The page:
Find out which special utensils you’ll need on hand during cooking.
The Roo Sisters

3 May 2013 - 10:21 AM  UPDATED 6 Sep 2013 - 9:31 AM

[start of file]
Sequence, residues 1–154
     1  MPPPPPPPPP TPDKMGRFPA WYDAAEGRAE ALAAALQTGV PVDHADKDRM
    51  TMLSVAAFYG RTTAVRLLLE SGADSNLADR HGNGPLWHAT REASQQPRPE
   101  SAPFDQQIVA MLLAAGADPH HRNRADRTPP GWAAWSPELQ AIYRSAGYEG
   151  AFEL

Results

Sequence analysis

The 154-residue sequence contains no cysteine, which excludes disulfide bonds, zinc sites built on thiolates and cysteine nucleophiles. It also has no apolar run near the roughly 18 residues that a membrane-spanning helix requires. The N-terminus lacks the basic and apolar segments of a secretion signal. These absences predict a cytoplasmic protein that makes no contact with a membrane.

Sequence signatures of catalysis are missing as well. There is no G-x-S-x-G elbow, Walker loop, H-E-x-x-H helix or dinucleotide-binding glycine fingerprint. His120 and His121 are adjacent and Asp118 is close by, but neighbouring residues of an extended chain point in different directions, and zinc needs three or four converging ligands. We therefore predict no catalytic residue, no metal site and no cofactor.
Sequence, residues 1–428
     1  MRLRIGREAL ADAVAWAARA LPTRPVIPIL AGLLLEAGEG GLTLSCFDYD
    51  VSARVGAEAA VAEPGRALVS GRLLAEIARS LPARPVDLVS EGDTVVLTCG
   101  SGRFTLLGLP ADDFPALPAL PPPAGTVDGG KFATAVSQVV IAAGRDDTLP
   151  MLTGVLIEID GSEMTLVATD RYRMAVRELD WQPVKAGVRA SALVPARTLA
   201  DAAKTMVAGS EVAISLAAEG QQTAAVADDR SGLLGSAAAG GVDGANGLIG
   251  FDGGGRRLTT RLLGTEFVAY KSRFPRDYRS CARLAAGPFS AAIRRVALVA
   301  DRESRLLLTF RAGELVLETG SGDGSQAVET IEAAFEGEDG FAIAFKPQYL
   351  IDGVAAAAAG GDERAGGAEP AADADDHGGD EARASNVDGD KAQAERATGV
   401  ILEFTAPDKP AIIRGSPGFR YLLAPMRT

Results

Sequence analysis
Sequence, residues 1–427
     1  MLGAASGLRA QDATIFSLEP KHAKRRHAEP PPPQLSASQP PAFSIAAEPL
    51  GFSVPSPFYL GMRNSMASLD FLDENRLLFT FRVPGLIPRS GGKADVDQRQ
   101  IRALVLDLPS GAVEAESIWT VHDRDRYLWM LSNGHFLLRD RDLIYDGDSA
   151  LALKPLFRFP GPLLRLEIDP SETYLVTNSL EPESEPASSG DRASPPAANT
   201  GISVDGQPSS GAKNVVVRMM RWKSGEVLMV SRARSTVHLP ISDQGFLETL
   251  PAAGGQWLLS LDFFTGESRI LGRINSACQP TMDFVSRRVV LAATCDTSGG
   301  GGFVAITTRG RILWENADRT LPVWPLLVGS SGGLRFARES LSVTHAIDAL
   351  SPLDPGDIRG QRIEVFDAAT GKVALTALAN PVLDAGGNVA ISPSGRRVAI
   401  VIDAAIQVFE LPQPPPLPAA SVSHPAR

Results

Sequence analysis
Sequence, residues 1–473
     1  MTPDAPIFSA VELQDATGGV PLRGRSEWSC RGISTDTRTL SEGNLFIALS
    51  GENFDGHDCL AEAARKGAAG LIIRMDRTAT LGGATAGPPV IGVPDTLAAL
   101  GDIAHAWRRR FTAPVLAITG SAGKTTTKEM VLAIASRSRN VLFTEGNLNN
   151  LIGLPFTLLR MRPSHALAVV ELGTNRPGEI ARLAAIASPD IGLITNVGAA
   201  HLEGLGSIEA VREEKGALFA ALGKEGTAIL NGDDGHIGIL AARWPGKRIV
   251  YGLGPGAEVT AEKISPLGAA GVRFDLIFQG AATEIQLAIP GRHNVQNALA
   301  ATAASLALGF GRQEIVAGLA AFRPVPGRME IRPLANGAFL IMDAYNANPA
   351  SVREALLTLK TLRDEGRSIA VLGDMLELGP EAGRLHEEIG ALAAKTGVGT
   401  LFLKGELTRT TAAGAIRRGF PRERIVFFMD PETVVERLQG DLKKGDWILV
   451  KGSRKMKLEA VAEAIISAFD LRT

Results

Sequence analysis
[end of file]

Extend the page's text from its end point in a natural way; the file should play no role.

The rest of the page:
From the Quecha words pacha and manca meaning “earthen pot”, this is both a cooking method and a reference to the feast prepared in the ground oven, similar to a traditional Maori hangi. For centuries, Peruvians have given thanks to the gods for their abundant natural resources by cooking, eating and celebrating, and this feast dedicated to Mother Earth is a good example of the spiritual symbolism of Andean food. Whole root vegetables and meat such as alpaca, lamb, pork, chicken or guinea pig are cooked in an earth oven over hot stones, covered with large handfuls of herb branches and earth, for up to 5 hours, then enjoyed as part of a communal gathering. Hours of cooking underground results in “the taste of God”, says Peruvian Sydneysider Carlos Barriga.